In June 1980, it was announced that Rajinikanth and Madhavi would star in the Tamil remake of the Hindi film Gol Maal, with K. Balachander directing.[2] The film, which would later be titled Thillu Mullu, was Rajinikanth's first full-length comedy film.[3] He agreed to it solely due to the strong suggestion by his mentor Balachander that he should do non-commercial roles, to break the stereotyped action-hero mould for which he was known at the time.[4] Rajinikanth hoped that people, who considered him to be made for "rough roles", would change their perspective after seeing the film.[5] Rajinikanth had to shave his moustache for Thillu Mullu, making it the first film which featured him without one.[6]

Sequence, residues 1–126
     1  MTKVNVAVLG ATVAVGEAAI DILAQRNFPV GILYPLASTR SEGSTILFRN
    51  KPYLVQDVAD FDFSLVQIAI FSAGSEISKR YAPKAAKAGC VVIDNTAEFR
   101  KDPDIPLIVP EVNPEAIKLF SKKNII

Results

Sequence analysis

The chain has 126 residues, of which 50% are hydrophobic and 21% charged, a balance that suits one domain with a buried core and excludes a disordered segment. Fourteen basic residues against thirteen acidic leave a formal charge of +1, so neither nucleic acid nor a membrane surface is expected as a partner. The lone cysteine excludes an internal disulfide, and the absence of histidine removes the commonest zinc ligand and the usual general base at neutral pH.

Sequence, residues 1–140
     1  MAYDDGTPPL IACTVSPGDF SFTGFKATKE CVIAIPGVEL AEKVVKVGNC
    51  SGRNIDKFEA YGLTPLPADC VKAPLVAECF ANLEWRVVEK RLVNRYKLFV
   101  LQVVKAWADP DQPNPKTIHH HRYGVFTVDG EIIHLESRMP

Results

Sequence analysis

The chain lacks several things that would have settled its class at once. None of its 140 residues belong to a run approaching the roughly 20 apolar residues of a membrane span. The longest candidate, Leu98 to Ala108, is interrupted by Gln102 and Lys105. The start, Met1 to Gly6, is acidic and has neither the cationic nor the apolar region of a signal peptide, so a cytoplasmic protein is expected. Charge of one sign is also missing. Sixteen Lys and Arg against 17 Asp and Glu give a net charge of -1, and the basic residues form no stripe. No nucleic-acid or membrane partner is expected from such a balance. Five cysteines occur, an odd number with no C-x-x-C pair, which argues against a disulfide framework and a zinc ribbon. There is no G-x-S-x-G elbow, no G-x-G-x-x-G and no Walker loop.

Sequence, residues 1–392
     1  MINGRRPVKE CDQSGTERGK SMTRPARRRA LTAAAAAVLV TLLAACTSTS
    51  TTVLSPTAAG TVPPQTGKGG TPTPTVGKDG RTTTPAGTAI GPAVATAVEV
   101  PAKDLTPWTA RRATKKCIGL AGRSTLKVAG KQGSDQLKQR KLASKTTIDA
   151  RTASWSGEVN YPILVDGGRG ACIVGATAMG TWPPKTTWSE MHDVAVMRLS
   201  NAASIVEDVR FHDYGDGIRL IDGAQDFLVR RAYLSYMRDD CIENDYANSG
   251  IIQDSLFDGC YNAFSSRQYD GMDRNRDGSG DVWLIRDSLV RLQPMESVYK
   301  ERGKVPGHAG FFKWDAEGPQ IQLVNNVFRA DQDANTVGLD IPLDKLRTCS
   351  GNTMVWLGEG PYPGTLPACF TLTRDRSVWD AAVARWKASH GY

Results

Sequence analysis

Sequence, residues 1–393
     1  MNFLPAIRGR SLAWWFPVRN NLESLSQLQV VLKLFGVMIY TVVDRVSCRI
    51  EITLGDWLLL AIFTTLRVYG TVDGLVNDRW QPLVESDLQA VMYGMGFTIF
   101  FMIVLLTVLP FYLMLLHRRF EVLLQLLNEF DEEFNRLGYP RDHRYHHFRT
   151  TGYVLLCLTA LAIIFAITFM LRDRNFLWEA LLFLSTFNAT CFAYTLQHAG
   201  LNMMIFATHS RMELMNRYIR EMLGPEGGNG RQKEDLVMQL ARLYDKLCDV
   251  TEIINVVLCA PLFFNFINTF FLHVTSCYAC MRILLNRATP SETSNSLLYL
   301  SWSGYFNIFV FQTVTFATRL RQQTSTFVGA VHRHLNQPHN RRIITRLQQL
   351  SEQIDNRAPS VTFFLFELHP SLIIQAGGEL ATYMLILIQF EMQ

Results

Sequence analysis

Thengai Srinivasan was recruited to play Sriramachandramurthy. Balachander recalled, "Normally I try to get all actors to modulate the dialogue in a particular manner but for this character I wanted Thengai to do it in his style, so instead of teaching him, I asked him how he would like to do the scene and then developed on it. I wanted him to play it as a character and not as a comedian for I felt that the humour would come out on its own through his unique body language and dialogue delivery".[7] Nagesh appeared in a cameo role as himself.[8] Sowcar Janaki was selected to appear in a role of socialite who is hired to pose as Chandran's mother.[9] Viji, sister of actress Saritha, made her acting debut with this film, playing the sister of Chandran.[10] The character is a skater, and Balachander cast her as such after noticing her carrying roller skates.[11] At Balachander's insistence,[12] Kamal Haasan made a cameo appearance as Charuhasan, an actor posing as a lawyer in the climax of the film.[13] The name is a reference to Haasan's real-life brother.[6] During the film's shooting, Rajinikanth met his future wife Latha, then a student of Ethiraj College for Women, who went to interview him for her college magazine.[14]